Radiotherapy Method Can Cut Treatment Time, Maintain Breast Cancer Control


Treatment time for patients with early-detected breast cancer may be reduced by one week with the use of simulated integrated boost (SIB) radiotherapy.

 A young woman is undergoing radiation therapy for cancer in a modern cancer hospital. Cancer treatment, modern medical linear accelerator. | Image credit: © Valerii Apetroaiei - ©

Simultaneous integrated boost radiotherapy not only showed promising breast cancer control, but also can decrease the treatment time for patients with the disease.

Simultaneous integrated boost (SIB) radiotherapy administered for patients with early-detected breast cancer reduces treatment time by at least one week and can be an effective strategy in preventing their disease from returning, as determined in a study published in The Lancet.

SIB is a method of treatment that requires administering a targeted additional dose of radiotherapy while the patient is also undergoing whole-breast treatment.

"IMPORT HIGH has uncovered how we can streamline our delivery of these radiotherapy boosts, giving them simultaneously with whole breast radiotherapy — without impacting the effectiveness of treatment, or causing patients additional side effects. We hope this trial will change clinical practice, allowing women to benefit from sophisticated radiotherapy delivery with shorter treatment times and fewer hospital visits,” Dr. Judith Bliss, professor of Clinical Trials at The Institute of Cancer Research, London, director of the Cancer Research UK-funded ICR-CTSU which is managing the trial, said in a press release.

The study emphasized that prior to the use of SIB radiotherapy, women with a high risk of their cancer relapsing would receive typical radiotherapy treatment, only to return for more treatment to mitigate the chance of the cancer coming back. Returning for additional radiotherapy — known as a sequential boost — meant longer treatment time and more traveling for appointments. However, administering SIB radiotherapy reduced this timeline to about three weeks in total, saving one week’s worth of time.

The researchers on the study analyzed data from a trial called IMPORT HIGH, which included 2,617 patients who were randomly assigned across three groups. There were 871 patients in the first group (control); 874 in the second group; and 872 in the third group. The first group (control) received whole-breast radiotherapy along with an additional boost. The second and third groups each received whole-breast radiotherapy and SIB radiotherapy, both at different dose levels among the two respective groups. The third group received a higher dose of the SIB radiotherapy than the second group.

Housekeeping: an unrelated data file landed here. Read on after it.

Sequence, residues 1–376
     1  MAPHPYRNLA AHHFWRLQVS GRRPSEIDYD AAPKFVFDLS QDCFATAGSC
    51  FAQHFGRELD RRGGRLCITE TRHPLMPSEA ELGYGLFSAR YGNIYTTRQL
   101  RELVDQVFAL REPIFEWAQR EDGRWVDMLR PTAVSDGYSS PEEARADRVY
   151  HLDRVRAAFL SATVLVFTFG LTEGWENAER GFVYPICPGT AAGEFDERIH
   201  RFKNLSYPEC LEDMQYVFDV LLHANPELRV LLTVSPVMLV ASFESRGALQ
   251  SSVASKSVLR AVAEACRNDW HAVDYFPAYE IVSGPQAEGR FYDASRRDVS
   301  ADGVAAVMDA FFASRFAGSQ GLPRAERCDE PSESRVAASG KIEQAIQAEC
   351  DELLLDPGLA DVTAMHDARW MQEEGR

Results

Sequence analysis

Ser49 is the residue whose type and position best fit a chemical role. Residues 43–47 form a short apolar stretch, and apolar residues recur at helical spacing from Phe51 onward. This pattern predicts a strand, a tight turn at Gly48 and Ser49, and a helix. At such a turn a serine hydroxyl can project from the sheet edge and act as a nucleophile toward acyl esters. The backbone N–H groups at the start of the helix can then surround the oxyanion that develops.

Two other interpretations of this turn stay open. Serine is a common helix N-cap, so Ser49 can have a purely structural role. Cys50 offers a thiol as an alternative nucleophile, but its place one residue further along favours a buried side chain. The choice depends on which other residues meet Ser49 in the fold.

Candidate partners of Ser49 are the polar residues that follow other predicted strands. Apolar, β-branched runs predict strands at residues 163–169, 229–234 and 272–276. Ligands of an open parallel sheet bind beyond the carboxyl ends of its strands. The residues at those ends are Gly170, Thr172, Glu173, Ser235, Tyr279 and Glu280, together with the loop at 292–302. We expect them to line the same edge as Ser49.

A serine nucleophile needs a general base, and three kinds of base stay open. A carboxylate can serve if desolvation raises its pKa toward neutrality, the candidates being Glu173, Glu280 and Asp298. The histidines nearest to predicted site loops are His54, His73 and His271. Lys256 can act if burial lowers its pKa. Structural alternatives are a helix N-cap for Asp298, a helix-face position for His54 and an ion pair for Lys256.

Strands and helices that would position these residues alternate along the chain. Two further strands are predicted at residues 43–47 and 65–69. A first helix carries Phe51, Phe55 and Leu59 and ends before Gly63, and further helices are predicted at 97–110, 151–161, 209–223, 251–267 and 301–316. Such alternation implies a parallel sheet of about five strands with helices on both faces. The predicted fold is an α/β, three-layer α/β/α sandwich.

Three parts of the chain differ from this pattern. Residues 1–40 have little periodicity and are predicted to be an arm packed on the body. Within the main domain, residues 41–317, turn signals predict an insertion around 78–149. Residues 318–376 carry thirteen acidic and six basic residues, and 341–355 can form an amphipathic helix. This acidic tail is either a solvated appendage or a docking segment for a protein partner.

(Forty-eight) Gy (Gray, measures amount of radiation absorbed by a patient) SIB delivered in three weeks in (the second group) had similar efficacy to sequential boost delivered over 4.5 weeks, with similar or milder rates of adverse events,” said the authors of the study. “(Fifty-three) Gy SIB in (the third group) had no additional benefit in local cancer control but a higher risk of moderate or marked breast induration.”

In that sense, the authors established that the dose administered in the second group was a proper dose that would reduce the timeline by approximately a week and a half. They also determined that a higher dose of SIB in the third group did not have additional advantages and led to a higher risk of breast thickening and hardening of soft tissues, including skin.

“Some women have to live with permanent breast changes after radiotherapy which may affect their well-being. With SIB, we can deliver high-quality effective radiotherapy whilst minimising toxicity from it,” Dr. Charlotte Coles, professor of Breast Cancer Clinical Oncology at the University of Cambridge, National Institute of Health Research and Care Research (NIHR) professor and chief investigator for the trial, said in the press release.

The researchers also identified the primary endpoint (main result at the end of a study to see if treatment worked), which was ipsilateral breast tumor relapse (IBTR, a recurrent in situ or invasive carcinoma occurring after breast conserving surgery). According to the authors, the five-year IBTR rate was much lower across all three of the treatment groups than they expected. Their findings concluded that 76 of the 2,617 participating patients experienced IBTR by the end of the trial.

Implementing SIB radiotherapy after initial radiotherapy for patients with early-detected breast cancer would save both time and money, according to the authors of the study. By reducing treatment time by at least one week with SIB radiotherapy, it mitigated both time and cost burdens related to travel for patients, caregivers and families. Patients receiving SIB radiotherapy may also return to work sooner.

Regarding general cost, the authors noted that patients would save more money, as the treatment sessions would discount the additional week a typical round of treatment would cost. This would relieve cost burdens of treatment, especially for patients who are lower income, according to the authors.

“This is a careful step towards even shorter courses of radiotherapy that include more complex techniques. By delivering more targeted boost radiotherapy over shorter time periods, women can get on with their lives more quickly,” Coles said.

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